In other words, the costs, financial and emotional are enormous. So the prosecutor has to weigh all of this in the balance too in making his or her decision.
There are also other considerations that aren't so proper that have entered into decisions such as these. State prosecutors run for election and it is much easier to sell "tough" than "smart" or worse, compassionate. The personal view of the prosecutor has a lot to do with this too -- in some jurisdictions the prosecutor asks for death nearly 100 percent of the time they can, and in a few, nearly never.
Race and socioeconomic disparities enter into these decisions too, sometimes consciously, sometimes not. But the statistics are stark -- all other things being equal, the single most likely predictor of whether a defendant gets the death penalty is race. I remember speaking to a junior high school on Chicago's south side during a career day, and a seventh grader asked me an interesting question. "What is the first thing you want to know when you get a new case?" I said, before I even thought about it, "What color the victim is."
The sad thing was, I didn't need to explain that answer to any of those young African-American children. They already knew. And studies bear this out -- if a deceased person is white, death is a far more likely outcome all other things being equal, and if the deceased is white and the defendant is not well that is the formula for death.
So when Mr. Holder says these decision are difficult, he isn't kidding. Legal judgments and moral ones enter into it, and the choice to seek death makes it nearly impossible for a defendant to be acquitted since he will be tried in front of a jury that has already been asked about death before a single witness has been sworn, and from which everyone who opposes the death penalty has been excluded.
What such a decision asks of Mr. Holder and other well-intentioned prosecutors is something that is hard to measure. Just how "bad" is the defendant, how bad is the crime? Legal culpability is one thing, but moral culpability travels across a spectrum and is difficult to assess except perhaps at either. It is a decision that requires a level of legal and moral analysis that any thoughtful person would avoid at all costs.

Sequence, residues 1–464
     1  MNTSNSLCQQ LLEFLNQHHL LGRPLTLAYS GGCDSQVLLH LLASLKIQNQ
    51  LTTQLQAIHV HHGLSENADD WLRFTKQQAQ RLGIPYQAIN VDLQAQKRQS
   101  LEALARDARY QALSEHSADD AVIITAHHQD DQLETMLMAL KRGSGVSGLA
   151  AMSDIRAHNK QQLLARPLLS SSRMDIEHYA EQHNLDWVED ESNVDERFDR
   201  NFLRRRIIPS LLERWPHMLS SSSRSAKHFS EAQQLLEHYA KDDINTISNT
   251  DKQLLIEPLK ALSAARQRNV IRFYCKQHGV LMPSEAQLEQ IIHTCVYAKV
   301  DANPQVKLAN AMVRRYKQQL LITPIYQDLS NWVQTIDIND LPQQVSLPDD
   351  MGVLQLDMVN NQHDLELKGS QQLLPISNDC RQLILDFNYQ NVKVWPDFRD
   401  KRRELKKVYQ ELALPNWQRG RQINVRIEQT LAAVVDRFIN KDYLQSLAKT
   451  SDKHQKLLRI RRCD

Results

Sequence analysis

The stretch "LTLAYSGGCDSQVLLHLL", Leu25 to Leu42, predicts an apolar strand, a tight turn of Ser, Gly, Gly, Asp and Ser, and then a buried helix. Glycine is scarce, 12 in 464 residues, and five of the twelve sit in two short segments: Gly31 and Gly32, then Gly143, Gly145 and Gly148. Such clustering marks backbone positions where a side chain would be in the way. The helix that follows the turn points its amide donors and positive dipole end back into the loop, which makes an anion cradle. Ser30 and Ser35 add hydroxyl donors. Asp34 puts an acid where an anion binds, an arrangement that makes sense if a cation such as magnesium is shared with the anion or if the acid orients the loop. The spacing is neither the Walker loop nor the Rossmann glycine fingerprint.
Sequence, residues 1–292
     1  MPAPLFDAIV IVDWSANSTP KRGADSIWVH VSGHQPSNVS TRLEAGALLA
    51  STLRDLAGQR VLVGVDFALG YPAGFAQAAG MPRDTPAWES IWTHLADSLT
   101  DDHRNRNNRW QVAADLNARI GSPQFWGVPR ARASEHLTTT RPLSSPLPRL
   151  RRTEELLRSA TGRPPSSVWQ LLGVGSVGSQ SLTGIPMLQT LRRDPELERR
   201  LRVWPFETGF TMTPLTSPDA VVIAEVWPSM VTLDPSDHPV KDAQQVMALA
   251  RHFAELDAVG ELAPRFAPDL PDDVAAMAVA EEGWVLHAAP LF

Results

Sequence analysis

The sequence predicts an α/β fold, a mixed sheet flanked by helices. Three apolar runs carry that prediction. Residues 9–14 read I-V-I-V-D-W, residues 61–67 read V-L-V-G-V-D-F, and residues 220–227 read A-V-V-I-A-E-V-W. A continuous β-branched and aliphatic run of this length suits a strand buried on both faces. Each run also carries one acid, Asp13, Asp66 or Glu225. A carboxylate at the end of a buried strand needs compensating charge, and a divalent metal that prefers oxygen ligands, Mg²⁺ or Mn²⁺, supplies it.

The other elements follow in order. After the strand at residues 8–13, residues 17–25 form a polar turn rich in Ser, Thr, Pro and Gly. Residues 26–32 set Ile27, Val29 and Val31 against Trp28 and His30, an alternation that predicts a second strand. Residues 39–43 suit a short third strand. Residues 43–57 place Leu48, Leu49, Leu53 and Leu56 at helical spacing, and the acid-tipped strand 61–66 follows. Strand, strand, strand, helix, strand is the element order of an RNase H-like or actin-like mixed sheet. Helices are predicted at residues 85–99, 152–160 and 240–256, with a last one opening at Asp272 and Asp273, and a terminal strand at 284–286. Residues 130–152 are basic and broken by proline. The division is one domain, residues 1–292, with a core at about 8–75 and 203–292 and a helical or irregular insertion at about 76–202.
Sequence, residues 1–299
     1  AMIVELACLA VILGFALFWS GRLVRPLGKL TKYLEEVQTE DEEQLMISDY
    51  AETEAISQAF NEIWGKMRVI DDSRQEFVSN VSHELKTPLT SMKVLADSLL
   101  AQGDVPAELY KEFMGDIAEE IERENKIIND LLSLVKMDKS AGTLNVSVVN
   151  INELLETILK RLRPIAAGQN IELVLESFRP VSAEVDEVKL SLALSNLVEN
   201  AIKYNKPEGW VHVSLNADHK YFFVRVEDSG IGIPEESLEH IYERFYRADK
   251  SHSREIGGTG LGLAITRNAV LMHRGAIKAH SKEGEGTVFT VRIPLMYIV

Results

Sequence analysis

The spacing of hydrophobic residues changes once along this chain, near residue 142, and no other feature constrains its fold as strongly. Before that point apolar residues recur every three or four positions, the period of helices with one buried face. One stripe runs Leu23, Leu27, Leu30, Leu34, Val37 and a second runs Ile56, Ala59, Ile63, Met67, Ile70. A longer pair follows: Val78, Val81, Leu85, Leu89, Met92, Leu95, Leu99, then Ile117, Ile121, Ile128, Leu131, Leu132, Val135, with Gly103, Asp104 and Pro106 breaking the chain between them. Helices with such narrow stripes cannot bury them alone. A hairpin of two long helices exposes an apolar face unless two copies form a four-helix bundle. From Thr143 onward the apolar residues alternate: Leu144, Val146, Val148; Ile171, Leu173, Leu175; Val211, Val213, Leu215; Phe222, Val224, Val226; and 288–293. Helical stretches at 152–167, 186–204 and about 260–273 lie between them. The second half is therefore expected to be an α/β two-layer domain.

I recently argued a motion to preclude the death penalty against a prosecutor who said that the state wasn't sentencing the defendant to death -- it would be the jury if they so chose -- so how (in essence) dare I suggest that the decision to seek death was his? This is a dangerous avoidance of responsibility.
Suggesting that its really not the state -- or in the Department of Justice's case the federal government -- is analogous to suggesting that BP's oil leak isn't the cause of the animals being coated with oil since they "chose" to swim in it. Mr. Holder knows precisely the decisions he is facing, and acknowledges their difficulty. Mr. Holder, the reason you struggle with such decisions is that they are too close to omnipotent, something none of us is.
© 2010 Andrea D. Lyon
Andrea D. Lyon, author of Angel of Death Row: My Life as a Death Penalty Defense Lawyer, is Clinical Professor of Law, Director of the Center for Justice in Capital Cases, and Associate Dean for Clinical Programs at DePaul University College of Law in Chicago. She began her career at the cook County Public Defender's Office, working her way up to Chief of the Homicide Task Force, a 22-lawyer unit that represents people accused of homicide. Lyon has tried more than 130 homicide cases, both within the public defender's office and elsewhere. She has defended more than 20 potential capital cases at the trial level. Of these, she has taken 19 through the penalty phase, and won them all. She lives in Flossmoor, Illinois.
For more information please visit www.andrealyon.com.